"It's these words and music that keeps me living, keeps me breathing." -Life of Agony, "Words and Music"

Did someone just play a perfect game of Donkey Kong?

Earlier this week, (geeky) news outlets reported that Wes Copeland has achieved a “perfect” game of Donkey Kong with a score of 1,218,000. While the truth of the matter is a bit more complicated than that, it is true that we are not likely to see a higher score on Donkey Kong any time soon.

If you’re into classic arcade games, you probably know that Donkey Kong has what is known as a “kill screen” — a point where the game simply crashes. Several other classic 8-bit arcade games (including Pac-Man and Dig Dug) also have kill screens, typically the result of poor variable handling.

In some games, this leads to a finite score ceiling. For example, the highest possible score in Pac-Man is 3,333,360. I am ashamed that I didn’t have to look that up. In Pac-Man, the player’s current level is stored in a single eight-bit binary register. That means level 0 is represented as 00000000 in binary, level 1 is 00000001, level 2 is 00000010, and so on. The largest number you can store here is 255, which is represented as 11111111. When the player beats level 255, the machines tries to increase the level to 256. Since 256 can’t be stored in a single 8-bit memory location, this is what happens:

Every level in Pac-Man contains a finite number of points. Each level has 240 dots, 4 power pellets, and 4 ghosts than can be eaten a total of 4 times. If you eat everything possible (all the dots, power pellets, ghosts and fruit) on every single level without dying, congratulations — that’s a perfect game of Pac-Man. Your score will be 3,333,360.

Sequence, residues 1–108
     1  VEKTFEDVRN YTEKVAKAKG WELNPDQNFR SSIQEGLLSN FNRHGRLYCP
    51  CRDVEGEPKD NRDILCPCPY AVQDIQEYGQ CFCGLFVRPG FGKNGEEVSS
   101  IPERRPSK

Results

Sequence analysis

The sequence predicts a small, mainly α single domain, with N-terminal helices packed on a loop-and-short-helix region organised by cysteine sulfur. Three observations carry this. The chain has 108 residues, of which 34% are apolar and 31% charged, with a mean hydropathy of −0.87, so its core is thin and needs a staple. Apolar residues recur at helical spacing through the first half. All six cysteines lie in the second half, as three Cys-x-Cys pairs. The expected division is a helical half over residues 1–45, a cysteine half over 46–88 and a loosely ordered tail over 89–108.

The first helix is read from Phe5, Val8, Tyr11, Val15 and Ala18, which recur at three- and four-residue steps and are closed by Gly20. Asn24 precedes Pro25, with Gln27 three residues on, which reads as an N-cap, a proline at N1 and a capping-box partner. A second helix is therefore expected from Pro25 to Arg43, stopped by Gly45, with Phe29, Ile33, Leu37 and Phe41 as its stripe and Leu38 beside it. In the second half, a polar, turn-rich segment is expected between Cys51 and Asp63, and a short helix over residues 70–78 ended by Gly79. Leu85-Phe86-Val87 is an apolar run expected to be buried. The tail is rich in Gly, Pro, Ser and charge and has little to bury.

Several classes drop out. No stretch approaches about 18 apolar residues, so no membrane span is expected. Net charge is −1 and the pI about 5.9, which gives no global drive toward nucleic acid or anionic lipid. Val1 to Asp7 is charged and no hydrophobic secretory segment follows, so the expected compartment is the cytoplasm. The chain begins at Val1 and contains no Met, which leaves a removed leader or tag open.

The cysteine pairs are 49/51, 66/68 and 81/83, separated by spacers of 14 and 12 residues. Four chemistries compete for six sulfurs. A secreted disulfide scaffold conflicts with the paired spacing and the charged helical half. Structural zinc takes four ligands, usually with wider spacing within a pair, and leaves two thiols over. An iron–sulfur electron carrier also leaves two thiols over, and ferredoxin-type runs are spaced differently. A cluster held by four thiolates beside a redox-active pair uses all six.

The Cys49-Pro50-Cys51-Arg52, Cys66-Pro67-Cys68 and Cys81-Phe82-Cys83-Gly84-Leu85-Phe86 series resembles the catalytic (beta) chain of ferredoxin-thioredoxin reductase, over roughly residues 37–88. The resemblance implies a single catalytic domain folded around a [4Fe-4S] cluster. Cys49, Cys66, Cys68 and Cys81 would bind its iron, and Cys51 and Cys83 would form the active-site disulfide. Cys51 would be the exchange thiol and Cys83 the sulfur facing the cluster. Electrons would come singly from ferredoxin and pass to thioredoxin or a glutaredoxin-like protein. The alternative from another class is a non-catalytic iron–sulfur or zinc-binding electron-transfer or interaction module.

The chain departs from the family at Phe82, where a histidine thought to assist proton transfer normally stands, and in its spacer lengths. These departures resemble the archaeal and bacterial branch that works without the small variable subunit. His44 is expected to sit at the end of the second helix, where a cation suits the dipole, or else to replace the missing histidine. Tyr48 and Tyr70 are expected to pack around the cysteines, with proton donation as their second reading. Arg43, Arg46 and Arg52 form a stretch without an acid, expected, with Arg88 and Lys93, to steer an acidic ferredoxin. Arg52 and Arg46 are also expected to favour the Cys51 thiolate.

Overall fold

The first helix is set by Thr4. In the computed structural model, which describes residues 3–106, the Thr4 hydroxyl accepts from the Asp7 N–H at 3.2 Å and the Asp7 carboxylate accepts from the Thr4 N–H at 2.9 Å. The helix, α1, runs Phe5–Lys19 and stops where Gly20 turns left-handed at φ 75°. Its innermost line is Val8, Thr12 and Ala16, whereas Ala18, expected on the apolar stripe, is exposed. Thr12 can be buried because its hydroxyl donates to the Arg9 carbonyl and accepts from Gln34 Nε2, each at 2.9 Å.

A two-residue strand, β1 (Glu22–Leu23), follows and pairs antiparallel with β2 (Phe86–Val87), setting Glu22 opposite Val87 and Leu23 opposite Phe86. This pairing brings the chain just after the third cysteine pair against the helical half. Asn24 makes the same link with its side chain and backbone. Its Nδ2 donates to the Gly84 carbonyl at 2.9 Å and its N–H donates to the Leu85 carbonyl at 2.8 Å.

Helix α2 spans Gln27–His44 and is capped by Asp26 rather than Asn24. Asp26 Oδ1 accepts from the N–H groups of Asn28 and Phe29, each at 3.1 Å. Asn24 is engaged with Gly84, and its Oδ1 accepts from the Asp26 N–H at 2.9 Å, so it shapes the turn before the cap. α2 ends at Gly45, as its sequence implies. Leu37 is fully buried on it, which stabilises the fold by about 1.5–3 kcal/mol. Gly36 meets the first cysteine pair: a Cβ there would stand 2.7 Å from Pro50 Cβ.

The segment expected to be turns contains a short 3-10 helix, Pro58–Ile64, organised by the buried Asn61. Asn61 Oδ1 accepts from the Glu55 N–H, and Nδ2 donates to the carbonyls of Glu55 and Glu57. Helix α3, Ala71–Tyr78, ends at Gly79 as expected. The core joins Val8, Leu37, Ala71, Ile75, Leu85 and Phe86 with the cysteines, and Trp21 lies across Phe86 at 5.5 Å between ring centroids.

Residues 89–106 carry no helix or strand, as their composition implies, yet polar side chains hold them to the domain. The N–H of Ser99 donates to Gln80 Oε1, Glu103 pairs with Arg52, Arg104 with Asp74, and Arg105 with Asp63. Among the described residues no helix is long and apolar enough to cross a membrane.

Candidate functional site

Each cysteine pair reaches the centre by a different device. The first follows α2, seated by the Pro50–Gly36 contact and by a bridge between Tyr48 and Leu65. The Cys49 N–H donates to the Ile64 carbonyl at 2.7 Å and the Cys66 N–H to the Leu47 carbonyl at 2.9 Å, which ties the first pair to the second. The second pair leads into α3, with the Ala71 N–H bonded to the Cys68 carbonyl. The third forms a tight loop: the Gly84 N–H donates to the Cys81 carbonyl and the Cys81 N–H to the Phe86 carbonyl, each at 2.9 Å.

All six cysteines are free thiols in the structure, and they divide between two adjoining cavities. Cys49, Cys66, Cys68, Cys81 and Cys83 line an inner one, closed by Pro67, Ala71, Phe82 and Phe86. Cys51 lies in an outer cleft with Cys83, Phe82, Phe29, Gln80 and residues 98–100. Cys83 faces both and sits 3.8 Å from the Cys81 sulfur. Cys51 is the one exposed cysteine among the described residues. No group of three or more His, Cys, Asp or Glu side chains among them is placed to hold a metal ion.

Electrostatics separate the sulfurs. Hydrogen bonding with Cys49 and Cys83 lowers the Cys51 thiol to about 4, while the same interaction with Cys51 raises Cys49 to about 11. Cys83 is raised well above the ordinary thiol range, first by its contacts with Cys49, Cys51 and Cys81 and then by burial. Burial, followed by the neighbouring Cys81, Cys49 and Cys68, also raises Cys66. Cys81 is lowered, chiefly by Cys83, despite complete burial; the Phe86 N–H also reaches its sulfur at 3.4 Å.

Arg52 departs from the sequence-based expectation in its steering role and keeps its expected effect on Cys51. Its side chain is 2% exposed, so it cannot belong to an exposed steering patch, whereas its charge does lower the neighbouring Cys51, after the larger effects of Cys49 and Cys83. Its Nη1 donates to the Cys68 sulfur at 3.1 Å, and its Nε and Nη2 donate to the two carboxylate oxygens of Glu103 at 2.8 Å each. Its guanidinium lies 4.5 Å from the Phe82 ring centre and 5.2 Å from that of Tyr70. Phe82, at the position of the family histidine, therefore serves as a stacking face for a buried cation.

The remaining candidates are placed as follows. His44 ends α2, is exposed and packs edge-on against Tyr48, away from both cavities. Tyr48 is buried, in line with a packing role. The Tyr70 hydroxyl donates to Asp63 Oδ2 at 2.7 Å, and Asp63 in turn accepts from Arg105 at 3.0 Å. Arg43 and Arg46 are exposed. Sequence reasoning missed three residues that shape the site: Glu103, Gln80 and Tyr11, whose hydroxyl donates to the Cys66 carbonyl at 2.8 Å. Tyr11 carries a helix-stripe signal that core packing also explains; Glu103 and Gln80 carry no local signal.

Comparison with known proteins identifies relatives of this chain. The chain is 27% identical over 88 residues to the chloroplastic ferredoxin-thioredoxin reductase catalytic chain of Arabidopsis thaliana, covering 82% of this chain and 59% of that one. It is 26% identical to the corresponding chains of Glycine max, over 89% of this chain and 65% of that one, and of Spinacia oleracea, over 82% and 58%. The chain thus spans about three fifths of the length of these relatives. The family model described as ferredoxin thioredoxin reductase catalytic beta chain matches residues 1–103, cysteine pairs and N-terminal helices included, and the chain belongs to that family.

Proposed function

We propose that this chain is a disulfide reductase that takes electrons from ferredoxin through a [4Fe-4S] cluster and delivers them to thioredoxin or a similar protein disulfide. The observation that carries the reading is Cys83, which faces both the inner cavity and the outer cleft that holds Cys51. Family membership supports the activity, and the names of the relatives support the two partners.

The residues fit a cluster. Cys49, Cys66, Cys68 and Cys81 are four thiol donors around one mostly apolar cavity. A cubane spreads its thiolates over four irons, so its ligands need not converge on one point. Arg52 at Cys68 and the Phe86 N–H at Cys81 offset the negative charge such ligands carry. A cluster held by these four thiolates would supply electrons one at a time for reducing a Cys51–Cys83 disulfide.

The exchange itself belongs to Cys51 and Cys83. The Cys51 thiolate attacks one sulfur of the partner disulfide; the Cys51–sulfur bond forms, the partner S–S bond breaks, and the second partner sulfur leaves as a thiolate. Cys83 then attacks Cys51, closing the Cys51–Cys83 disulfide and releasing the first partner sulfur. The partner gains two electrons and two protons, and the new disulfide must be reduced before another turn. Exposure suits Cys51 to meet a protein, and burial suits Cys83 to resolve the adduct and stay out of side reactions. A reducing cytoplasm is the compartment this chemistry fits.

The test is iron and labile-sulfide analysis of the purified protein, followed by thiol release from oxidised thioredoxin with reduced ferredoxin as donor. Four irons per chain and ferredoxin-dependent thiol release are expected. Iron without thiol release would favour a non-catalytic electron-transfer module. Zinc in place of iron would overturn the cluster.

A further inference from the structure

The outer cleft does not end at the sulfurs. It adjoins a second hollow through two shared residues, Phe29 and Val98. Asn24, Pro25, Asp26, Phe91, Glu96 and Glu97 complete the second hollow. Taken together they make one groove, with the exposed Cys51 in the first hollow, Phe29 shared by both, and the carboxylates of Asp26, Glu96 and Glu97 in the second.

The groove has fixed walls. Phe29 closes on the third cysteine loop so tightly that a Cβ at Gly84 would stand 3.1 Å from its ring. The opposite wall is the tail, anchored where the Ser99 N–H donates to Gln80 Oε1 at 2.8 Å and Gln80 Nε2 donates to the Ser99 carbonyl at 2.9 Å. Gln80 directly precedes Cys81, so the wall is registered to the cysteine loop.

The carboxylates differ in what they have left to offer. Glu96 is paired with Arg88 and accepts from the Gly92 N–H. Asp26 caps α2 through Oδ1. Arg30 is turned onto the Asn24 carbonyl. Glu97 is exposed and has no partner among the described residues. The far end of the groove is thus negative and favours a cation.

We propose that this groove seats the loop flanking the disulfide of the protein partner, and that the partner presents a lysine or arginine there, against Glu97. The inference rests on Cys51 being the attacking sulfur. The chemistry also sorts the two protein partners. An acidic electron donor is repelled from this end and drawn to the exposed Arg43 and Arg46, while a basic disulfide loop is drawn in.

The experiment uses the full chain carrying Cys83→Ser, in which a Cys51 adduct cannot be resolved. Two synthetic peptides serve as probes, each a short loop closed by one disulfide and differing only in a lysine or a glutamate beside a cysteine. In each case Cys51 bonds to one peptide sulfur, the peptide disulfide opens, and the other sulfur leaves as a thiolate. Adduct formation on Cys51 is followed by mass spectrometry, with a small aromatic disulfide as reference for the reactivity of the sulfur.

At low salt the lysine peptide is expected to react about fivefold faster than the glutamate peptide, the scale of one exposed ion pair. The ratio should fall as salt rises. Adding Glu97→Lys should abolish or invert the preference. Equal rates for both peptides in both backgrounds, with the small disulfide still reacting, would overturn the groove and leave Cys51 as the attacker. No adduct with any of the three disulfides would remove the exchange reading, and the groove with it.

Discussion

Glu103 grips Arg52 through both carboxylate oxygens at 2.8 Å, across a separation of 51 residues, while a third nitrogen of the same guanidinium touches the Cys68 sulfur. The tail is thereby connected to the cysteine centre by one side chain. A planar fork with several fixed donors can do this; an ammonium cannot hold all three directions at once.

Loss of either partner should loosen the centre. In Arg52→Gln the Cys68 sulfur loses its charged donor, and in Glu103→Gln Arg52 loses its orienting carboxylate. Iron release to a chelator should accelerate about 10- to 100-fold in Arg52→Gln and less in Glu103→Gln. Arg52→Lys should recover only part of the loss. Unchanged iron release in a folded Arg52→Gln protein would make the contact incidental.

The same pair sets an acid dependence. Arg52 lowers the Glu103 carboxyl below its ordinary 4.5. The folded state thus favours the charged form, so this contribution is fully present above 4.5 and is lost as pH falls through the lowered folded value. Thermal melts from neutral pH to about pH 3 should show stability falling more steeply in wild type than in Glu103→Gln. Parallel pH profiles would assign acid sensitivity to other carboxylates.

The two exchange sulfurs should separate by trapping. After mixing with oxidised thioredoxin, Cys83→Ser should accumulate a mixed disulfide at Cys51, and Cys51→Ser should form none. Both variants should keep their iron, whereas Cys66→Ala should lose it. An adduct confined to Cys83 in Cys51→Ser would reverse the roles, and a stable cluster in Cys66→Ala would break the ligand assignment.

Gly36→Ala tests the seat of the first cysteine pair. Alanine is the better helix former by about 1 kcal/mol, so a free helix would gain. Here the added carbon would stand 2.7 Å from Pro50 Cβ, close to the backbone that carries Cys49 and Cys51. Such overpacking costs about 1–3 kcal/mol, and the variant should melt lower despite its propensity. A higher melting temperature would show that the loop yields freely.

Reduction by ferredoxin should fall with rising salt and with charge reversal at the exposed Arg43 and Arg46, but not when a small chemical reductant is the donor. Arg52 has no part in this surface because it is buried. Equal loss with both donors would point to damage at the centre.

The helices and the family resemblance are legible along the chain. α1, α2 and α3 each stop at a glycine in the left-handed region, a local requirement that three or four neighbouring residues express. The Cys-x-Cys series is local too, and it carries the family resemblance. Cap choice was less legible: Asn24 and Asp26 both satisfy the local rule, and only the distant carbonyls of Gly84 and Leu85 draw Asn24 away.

Donkey Kong is different. In Pac-Man, there’s a maximum number of points that can be achieved on each level. In Donkey Kong, there’s not, because many of the scoring events are random. For example, if you jump over a single barrel in Donkey Kong you’ll earn 100 points, but if you jump two at a time you’ll earn 300 points (three will get you 500). There are techniques that can help you group barrels together in order to maximize your score, but in some cases it just comes down to luck. Occasionally you’ll jump a barrel and get no points at all. It’s not fair, but it happens.

The goal of Donkey Kong is to score as many points as possible before the game crashes. In King of Kong, Steve Wiebe scored 1,064,500 points in Donkey Kong before reaching the kill screen. A year later, Hank Chien was able to score 1,064,500, but since then, people have found additional methods of “point pushing,” or intentionally running up the score. At one point it was thought that 1,100,000 was the game’s ceiling. In September of 2015, Wes Copeland scored 1,170,500 points. Six hours later, Robbie Lakeman scored 1,172,100.

The reason for these tiny increases in score is that it takes roughly three hours to reach the kill screen in Donkey Kong. For three hours, players must not only avoid dying, play an essentially perfect game and squeeze every single point possible out of the game, but also be lucky. In the case of Copeland and Lakeman’s scores, a difference of 1,600 points is literally collecting two additional 800 point items over the three-hour game’s play time.

Wes Copeland’s current score of 1,218,000 represents all of that — a game in which Copeland not only didn’t die (which allowed him to use his extra men to play the level prior to the last level multiple times and gain extra points), but every single lucky coin flip went his way. For someone to beat Copeland’s latest score, someone would have to play another perfect game of Donkey Kong and somehow get even luckier than Copeland. It doesn’t seem likely or possible for this to happen.

When it does, I’ll let you know. ;)

If you have three hours to spare and would like to watch a quintessentially perfect game of Donkey Kong, here is a video of Copeland’s recording breaking game.

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